• Is It Time To Replace Blood Pressure Drugs With Nutraceuticals? One Doctor Thinks So

    Posted April 30, 2014: by Bill Sardi

    The April issue of Pharmacy & Therapeutics offers a wonderful interview with Mark Houston MD regarding nutrition and nutraceuticals to replace prescription drugs.  Dr. Houston summarizes hypertension as a battle between angiotensin II and nitric oxide, the former promoting excessive constriction of blood vessels with accompanying inflammation and arterial plaque and the latter being its antithesis, dilating blood vessels, inhibiting blood clots and controlling blood pressure. [Pharmacy & Therapeutics, April 2014]

    Some of this report may be better understood by physicians versed in the medical language, but the list of nutraceuticals that can potentially replace anti-hypertensive drugs is priceless.

    Dr. Houston stratifies patients by whether they have high blood plasma renin levels, which is the enzyme that produces high angiotensin II levels.  Low renin levels, which represents about 30% of hypertensive patients according to Dr. Houston, is treated with agents that create more blood volume.  Dr. Houston also stratifies patients by whether their blood pressure drops at night during sleep or not.  Melatonin is the only agent that Dr. Houston has found to work to normalize blood pressure among patients whose blood pressure does not dip at night.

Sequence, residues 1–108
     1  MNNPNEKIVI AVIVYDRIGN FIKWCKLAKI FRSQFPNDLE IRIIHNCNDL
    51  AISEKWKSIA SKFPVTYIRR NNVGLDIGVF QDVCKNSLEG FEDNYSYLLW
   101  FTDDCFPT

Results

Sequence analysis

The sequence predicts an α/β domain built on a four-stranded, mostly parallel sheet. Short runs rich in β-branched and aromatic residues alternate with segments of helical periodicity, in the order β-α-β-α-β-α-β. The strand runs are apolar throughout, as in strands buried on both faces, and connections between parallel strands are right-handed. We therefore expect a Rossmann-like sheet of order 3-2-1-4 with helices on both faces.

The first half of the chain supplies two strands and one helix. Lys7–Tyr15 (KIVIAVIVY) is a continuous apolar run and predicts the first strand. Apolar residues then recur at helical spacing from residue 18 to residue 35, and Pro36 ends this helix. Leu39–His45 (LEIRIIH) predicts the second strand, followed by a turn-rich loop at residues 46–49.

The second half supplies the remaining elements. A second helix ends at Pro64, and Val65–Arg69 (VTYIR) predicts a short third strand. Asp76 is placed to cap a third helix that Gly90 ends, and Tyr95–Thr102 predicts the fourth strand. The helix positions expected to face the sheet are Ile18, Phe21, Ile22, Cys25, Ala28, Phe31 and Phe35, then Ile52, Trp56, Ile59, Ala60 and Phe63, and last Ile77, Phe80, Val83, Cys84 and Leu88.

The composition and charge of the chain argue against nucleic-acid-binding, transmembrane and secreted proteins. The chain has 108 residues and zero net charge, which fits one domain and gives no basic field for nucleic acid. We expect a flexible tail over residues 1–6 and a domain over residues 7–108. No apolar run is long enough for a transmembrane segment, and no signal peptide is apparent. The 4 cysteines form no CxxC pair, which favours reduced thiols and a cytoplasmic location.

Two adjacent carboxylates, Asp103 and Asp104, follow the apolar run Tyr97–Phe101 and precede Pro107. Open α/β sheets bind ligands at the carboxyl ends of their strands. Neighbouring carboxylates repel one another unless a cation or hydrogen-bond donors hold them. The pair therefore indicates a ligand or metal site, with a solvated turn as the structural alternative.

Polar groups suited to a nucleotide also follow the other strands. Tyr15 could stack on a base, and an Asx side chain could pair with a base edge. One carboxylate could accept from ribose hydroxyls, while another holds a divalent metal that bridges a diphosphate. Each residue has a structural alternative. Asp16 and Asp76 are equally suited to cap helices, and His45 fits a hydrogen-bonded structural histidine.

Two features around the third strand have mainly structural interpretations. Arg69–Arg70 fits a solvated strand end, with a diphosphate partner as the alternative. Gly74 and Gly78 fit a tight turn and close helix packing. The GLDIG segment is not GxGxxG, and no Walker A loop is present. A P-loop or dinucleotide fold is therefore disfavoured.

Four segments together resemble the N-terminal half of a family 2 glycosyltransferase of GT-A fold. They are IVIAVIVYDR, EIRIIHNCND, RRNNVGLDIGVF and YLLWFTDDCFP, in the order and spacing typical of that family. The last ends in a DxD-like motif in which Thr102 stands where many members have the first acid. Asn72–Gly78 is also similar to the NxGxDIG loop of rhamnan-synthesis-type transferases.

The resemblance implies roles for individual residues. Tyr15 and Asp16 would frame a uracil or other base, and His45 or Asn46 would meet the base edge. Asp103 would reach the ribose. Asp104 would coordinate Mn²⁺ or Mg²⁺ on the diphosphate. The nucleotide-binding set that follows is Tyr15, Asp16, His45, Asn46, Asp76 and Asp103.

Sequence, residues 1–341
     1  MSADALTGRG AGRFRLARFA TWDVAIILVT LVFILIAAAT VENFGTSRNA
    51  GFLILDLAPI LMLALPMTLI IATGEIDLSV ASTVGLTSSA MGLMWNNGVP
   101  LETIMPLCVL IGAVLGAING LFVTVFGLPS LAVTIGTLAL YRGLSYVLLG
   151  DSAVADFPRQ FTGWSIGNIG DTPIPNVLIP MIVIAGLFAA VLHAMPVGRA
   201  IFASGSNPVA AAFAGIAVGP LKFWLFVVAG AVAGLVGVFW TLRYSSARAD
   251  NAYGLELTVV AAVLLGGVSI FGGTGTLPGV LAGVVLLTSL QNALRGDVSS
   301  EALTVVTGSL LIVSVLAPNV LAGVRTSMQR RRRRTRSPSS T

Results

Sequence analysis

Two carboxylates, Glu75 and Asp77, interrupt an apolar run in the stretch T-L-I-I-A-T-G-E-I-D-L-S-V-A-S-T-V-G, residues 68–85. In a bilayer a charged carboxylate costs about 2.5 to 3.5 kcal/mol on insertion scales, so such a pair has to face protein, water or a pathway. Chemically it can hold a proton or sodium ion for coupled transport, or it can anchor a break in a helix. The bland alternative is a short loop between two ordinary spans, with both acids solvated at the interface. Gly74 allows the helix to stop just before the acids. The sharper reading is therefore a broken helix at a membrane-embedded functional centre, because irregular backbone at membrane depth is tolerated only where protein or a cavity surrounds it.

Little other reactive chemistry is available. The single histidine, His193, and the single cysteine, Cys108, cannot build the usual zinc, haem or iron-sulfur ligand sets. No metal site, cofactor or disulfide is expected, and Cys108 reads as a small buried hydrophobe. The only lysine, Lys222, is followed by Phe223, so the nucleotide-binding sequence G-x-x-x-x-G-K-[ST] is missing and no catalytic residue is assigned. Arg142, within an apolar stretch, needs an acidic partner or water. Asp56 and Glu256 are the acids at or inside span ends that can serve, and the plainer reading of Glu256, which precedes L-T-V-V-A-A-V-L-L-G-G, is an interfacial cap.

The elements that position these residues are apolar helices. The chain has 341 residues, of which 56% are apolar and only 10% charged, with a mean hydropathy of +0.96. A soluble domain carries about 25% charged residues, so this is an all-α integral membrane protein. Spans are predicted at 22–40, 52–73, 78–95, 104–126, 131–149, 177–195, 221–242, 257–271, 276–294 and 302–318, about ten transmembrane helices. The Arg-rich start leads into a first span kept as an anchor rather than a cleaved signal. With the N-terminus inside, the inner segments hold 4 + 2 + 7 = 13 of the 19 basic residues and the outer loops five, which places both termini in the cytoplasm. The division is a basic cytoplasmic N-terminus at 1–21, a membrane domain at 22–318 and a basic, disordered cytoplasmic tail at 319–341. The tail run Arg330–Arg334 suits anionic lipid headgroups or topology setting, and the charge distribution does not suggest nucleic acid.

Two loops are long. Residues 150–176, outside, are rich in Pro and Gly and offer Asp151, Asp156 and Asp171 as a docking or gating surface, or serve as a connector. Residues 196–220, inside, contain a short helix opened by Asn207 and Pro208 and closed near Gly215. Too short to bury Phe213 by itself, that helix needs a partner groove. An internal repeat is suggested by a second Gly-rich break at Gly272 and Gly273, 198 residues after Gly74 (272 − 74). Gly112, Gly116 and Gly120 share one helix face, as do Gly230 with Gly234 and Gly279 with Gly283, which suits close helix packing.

Dr. Houston obtains a blood test to determine the nutrient level in white blood cells (lymphocytes) and attempts to counterbalance any nutritional imbalances which he claims is usually therapeutic within 3-6 months.  He advises physicians to review the nutrients that medications deplete.  A paper published by Dr. Houston in 2010 claims that 62% of hypertensive patients undergoing a regimen of exercise, diet, weight management and corrective nutraceuticals along with tapering of their medications achieved control of their blood pressure. [Therapeutic Advances Cardiovascular Disease June 2010]

    Dr. Houston underscores the economic implications of a diet/nutraceutical approach to high blood pressure given the US spend ~$20 billion a year on drugs to control this condition.  Dr. Houston claims diet and nutrition approach to hypertension could save ~$12.4 billion a year.  Give your blood vessels a rest with Dr. Houston’s approach to hypertension.  — ©2014 Bill Sardi, Knowledge of Health, Inc.

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